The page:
Gilbert R. Mason, Sr., “wade-in” activist and physician, was born in Jackson, Mississippi, on October 7, 1928. When he graduated from Jackson’s Lanier High School in 1945, Mason dreamed of becoming a doctor. He earned a B.S. degree from Tennessee State University in 1949. He earned an M.D. degree from Howard University Medical School in 1954 and served a year as an intern at Homer G. Phillips Hospital in St. Louis, Missouri.
Mason started a family practice in Biloxi, Mississippi, in 1955. In May 1959, he led a nonviolent protest against the “whites only” section of a federally funded Gulf Coast beach. Mason’s group was arrested. Subsequent “wade-ins” ignited some of the bloodiest white rioting in Mississippi history. These resulted in a successful antidiscrimination lawsuit against the state of Mississippi, the first such case filed in U.S. history. At the same time, Mason filed the first school desegregation lawsuit in the history of Biloxi, which he also won. Mason collaborated with other Mississippi NAACP activists, including Winston Hudson, Amzie Moore, Aaron Henry and Medgar Evers. He helped the NAACP join with CORE, SNCC and SCLC to form the Council of Federated Organizations (COFO). Mason played a role in COFO’s massive black voter registration drive, the Freedom Summer of 1964. Mason served as president of the Mississippi NAACP for thirty-three years.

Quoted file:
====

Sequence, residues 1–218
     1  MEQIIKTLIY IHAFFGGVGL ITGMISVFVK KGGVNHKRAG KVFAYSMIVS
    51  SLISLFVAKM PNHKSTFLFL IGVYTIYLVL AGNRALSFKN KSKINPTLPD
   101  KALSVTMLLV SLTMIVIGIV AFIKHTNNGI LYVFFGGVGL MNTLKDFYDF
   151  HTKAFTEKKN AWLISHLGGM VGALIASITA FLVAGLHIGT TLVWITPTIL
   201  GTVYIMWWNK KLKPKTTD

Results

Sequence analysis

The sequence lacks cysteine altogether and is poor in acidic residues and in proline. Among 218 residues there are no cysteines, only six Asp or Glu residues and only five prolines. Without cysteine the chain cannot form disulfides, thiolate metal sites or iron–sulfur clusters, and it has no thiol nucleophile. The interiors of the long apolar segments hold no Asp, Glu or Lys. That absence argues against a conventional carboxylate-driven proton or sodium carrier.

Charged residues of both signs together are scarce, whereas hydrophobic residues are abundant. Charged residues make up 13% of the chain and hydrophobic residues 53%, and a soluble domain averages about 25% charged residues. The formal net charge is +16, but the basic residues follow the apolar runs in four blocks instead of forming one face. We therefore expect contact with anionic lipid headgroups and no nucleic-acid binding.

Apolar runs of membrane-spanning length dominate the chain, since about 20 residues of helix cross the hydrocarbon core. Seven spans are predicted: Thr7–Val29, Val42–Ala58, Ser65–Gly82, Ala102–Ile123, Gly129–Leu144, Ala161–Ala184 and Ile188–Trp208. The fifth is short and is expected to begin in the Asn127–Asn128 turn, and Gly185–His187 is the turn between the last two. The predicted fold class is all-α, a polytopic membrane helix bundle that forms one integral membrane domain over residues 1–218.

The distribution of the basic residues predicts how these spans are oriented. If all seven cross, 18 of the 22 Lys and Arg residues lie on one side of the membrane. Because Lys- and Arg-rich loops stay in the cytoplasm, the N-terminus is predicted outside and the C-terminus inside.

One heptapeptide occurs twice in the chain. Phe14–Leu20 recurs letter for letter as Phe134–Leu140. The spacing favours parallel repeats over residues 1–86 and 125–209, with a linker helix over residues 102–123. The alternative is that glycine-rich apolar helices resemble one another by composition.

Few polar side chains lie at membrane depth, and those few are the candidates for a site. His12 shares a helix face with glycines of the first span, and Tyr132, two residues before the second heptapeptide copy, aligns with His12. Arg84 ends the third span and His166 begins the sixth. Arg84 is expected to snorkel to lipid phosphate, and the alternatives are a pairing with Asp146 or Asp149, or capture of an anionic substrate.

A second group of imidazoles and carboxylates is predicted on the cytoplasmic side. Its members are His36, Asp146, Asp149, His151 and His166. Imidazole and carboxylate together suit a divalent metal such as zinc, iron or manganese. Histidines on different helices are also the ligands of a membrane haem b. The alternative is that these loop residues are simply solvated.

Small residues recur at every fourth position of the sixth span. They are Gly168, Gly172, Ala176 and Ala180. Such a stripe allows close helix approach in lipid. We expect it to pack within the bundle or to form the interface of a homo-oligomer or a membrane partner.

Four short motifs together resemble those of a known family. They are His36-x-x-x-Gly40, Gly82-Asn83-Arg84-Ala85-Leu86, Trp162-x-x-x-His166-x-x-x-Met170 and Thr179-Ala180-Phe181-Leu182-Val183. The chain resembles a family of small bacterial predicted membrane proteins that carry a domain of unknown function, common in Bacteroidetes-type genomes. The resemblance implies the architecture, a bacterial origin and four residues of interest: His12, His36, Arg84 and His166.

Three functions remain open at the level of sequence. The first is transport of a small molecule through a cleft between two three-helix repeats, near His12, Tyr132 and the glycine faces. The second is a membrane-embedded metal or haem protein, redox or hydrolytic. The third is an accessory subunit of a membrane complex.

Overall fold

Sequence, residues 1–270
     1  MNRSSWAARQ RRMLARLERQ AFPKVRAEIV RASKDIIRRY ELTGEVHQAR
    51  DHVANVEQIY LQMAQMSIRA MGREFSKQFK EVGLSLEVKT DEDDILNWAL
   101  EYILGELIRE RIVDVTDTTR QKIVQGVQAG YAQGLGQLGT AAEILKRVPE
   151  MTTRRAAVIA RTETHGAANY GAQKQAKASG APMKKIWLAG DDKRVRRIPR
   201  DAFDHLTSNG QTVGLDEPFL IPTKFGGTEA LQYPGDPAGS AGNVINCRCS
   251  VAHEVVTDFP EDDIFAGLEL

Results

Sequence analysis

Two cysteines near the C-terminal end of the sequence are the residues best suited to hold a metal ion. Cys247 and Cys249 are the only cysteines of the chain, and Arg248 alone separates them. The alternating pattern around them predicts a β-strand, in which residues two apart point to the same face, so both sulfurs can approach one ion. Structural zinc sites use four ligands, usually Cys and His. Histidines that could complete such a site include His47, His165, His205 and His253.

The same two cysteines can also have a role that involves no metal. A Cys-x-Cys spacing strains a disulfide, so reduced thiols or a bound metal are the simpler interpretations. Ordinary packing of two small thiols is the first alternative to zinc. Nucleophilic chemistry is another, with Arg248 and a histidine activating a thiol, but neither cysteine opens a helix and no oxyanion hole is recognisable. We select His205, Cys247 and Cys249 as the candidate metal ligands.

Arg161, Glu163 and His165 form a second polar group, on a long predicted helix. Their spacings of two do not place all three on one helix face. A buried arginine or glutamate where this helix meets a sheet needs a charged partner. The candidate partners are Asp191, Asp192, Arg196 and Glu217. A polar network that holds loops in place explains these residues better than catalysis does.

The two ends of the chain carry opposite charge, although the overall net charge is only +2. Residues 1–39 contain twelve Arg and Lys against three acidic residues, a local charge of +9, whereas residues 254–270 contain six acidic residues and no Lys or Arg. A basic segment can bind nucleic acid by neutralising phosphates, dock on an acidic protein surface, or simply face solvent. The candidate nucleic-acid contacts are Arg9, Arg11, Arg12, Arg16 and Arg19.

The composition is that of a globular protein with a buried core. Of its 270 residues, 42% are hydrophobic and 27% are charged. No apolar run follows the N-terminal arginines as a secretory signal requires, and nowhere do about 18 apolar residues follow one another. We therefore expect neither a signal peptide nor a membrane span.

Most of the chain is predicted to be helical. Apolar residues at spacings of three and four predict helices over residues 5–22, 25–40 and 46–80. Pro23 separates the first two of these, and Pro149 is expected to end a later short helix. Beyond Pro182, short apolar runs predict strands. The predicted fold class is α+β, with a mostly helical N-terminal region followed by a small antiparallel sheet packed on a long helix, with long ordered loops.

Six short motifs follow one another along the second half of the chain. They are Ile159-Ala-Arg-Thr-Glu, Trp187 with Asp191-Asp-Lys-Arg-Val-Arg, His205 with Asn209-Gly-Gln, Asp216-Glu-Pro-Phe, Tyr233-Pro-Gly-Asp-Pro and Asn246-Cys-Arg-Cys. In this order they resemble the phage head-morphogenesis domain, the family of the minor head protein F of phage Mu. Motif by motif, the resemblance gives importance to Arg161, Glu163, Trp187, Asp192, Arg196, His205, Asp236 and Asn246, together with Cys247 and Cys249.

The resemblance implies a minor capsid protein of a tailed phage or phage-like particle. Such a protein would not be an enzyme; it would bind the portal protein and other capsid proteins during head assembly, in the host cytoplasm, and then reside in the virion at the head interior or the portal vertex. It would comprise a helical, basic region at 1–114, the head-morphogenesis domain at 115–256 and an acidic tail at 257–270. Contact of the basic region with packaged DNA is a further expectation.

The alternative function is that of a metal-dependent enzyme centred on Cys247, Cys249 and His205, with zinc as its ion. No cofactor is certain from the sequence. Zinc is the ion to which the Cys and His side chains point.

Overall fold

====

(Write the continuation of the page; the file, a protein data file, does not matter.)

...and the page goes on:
The recipient of numerous awards as a physician, Mason was recognized with a special commendation by joint resolution of the Mississippi State Legislature on March 1, 2002 for his contributions to the Biloxi Regional Medical Center. He resided in Biloxi where he was known as “the civil rights doctor” until his death on July 8, 2006.
On Sunday, July 30, 2006, the mayor of Biloxi, Mississippi proclaimed it to be Dr. Gilbert Mason Day in Biloxi.
Beaches, Blood and Ballots: A Black Doctor’s Civil Rights Struggles. (1998) By Dr. Gilbert Mason and James Patterson Smith.